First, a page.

The age of puberty has decreased from 14 to 10.5 over the past century, with first periods usually occurring around age 12. Since that’s the average, that means some kids are starting menstruation much earlier. Some say exposure to environmental toxins is causing earlier puberty and periods, while others attribute the decline in menstruation age to better nutrition plus a rise in childhood obesity — fat tissue contains estrogen, so the more of it a girl has, the higher her chances of starting puberty earlier.
But as long as a child’s period doesn’t start at 7 or younger — called precocious puberty, which can negatively affect growth — there are no detrimental physical effects, says Dr. Kathleen Green, an OBGYN at the University of Florida Health Women’s Center. And if you’re worried about fertility, experts say the age you start your period doesn’t affect your fertility or ability to conceive later in life. Here’s why:
An egg’s life
A female’s egg reserves start diminishing the moment she is born and not because of her menstrual cycle, explains Dr. Green. “Starting your period early doesn’t mean you run out of eggs,” she says. “We run out of eggs just because we’re getting older, not because of our period.”
If you were born with ovaries, you had about one or two million oocytes, or eggs, when you came into this world. Unlike males — who can make sperm their whole life — females are born with a finite number of eggs. (Although, new studies show stem cells can create new eggs. But the research is in the early stages.) By the time you hit puberty, there are only about 300,000 of those eggs left. And during your reproductive life, only about 300-500 of those will mature.
While females who start their period before 11 might go through menopause a little earlier than if they’d started at 13, it’s usually only by a couple of years, says Dr Green. And since a woman only has a one percent chance of getting pregnant naturally at 45, that means a slightly earlier menopause — 49 instead of 51 — isn’t going to radically affect her ability to conceive.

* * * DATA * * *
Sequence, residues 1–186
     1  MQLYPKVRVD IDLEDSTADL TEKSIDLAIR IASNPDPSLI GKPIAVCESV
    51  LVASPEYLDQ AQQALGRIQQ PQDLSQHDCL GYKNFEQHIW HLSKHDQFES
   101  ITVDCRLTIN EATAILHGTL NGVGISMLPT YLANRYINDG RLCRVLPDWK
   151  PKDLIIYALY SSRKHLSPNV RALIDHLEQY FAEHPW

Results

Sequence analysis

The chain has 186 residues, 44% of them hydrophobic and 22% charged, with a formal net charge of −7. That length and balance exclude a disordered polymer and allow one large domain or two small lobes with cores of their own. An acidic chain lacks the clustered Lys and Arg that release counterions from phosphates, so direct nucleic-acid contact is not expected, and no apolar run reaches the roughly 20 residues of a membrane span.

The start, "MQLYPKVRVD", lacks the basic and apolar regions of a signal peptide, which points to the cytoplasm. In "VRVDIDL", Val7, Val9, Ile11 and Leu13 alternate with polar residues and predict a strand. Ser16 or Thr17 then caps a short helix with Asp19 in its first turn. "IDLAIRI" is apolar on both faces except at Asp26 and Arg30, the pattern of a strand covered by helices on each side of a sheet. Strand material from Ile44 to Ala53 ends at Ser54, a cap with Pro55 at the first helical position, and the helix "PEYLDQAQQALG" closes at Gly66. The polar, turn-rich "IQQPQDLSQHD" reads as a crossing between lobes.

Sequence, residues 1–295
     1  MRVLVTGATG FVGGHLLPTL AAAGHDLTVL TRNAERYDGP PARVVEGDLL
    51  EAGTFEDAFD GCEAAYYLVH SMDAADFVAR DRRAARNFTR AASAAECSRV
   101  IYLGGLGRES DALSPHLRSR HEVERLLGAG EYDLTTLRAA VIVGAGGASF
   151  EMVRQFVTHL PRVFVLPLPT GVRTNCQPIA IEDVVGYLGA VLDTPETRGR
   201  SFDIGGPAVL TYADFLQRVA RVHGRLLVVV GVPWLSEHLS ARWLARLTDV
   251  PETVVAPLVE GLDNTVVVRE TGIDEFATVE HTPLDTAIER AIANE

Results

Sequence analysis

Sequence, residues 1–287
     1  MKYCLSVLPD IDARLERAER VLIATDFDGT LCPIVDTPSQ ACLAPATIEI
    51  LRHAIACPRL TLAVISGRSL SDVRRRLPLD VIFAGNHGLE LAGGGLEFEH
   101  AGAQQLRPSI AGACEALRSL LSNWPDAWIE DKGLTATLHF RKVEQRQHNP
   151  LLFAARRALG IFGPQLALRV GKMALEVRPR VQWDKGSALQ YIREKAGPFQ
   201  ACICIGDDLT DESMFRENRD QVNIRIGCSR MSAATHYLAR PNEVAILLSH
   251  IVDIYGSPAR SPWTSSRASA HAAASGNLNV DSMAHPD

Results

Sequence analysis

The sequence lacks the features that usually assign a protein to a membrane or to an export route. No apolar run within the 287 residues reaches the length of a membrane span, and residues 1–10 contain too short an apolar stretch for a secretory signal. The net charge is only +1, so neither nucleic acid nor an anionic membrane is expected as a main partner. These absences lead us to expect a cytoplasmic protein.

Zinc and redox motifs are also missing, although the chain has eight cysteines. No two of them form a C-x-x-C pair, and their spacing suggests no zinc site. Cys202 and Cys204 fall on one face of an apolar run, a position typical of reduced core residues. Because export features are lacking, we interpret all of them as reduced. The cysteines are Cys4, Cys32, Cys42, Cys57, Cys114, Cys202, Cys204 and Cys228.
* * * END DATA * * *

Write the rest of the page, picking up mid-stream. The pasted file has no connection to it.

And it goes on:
Other effects of early puberty
The age someone starts their period might not affect fertility, but studies show that females who start puberty early tend to have higher body fat later in life. However, it’s unclear if more body fat just leads to puberty or if puberty also leads to more body fat. Either way, research shows girls who go through puberty earlier are at a higher risk for chronic diseases like cancer, cardiovascular disease, and diabetes.
Children who go through puberty before their peers are also at a higher risk of experiencing detrimental psychosocial effects, especially girls. Depression, anxiety, and substance abuse are more common in girls who start their period before 12. Since physical development occurs two or three years before the start of menstruation, experts say conversations about sex education should occur sooner to better prepare kids who might experience puberty earlier.
What if you start your period late?
While some worry about fertility with an early period, what happens if you start late?
“Neither starting early nor late is associated with rate of egg loss,” says Dr. Eve Feinberg, an OBGYN who specializes in reproductive endocrinology and infertility at Northwestern Medicine in Chicago. “You do not have a higher egg reserve if you start your period at 16.”
But, Dr. Feinberg added, a late start can signal an underlying issue like polycystic ovarian syndrome, which can result in delayed ovulation and infertility. So if you started your period late — and you still experience irregular periods — talk to your doctor. Otherwise, don’t sweat it. There’s no reason to worry about your fertility just because you started your period early or late.